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Gas Hydrates

Gas hydrates are crystalline water compounds in which host water compound encapsulate guest molecules like methane and carbon dioxide. They are considered as a potential source of energy in future as they are found naturally in the oceanic and permafrost regions with immense amount of methane gas entrapped in them.
It has also been proposed that carbon dioxide can be sequestered into the gas hydrates, thus reducing the carbon dioxide content in the atmosphere and extracting methane gas at the same time. They have several novel applications as hydrogen storage and transportation at significantly higher temperature and lower pressure than the conventional methods. But at the same time, they are also considered as a nuisance in the oil and gas industry as they block the pipelines. As natural gas hydrates form a solid layer extending over kilometers under the oceanic sediments, uncontrolled extraction may lead to disasters like earthquakes and tsunamis. They have a very complex structure and molecular interactions which motivates the researchers to look into them. So, gas hydrates have always been looked upon as a challenging subject of study at the industrial as well as academic level. Presently, we are trying to understand the mechanism of extraction of methane from methane hydrates, replacement of methane by carbon dioxide and formation of gas hydrates by molecular dynamics simulations.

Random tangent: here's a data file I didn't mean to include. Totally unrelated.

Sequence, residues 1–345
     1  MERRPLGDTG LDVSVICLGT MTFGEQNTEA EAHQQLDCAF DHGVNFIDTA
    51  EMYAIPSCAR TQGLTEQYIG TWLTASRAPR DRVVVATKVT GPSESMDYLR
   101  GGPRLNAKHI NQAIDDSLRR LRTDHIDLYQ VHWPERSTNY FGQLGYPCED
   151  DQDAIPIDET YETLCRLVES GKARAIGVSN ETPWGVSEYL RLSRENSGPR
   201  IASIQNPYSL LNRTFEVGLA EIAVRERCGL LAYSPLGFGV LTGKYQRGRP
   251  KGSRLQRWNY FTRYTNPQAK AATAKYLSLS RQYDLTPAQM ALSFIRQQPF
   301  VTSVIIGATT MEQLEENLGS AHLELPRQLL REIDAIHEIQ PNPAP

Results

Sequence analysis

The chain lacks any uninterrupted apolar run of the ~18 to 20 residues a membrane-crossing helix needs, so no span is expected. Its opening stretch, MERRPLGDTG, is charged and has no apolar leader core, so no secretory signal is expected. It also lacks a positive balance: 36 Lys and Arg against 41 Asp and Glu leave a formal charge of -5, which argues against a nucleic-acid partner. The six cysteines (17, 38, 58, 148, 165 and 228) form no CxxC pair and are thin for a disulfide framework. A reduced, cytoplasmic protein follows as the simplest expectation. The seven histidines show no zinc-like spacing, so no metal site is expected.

Makogon et al., (2007) J. Petr. Sci. Eng. 56, 14–31

The extraction of methane gas hydrates involves decomposition of the methane gas hydrates. The decomposition process is known to be endothermic as it involves rearrangement of hydrogen bonded structure. Also. the pressure of the system increases as the methane gas expands into gaseous phase from the solid hydrate phase. Hence, we simulate our system under microcanonical (NVE) ensemble to observe the variations in temperature and pressure during the process.

The replacement of methane in methane gas hydrates by carbon dioxide may involve a change in structure which cannot be observed by available laboratory experimental equipments. The pressure and temperature of the system during the replacement process may vary. Hence, we are performing NVE simulations to study the replacement process.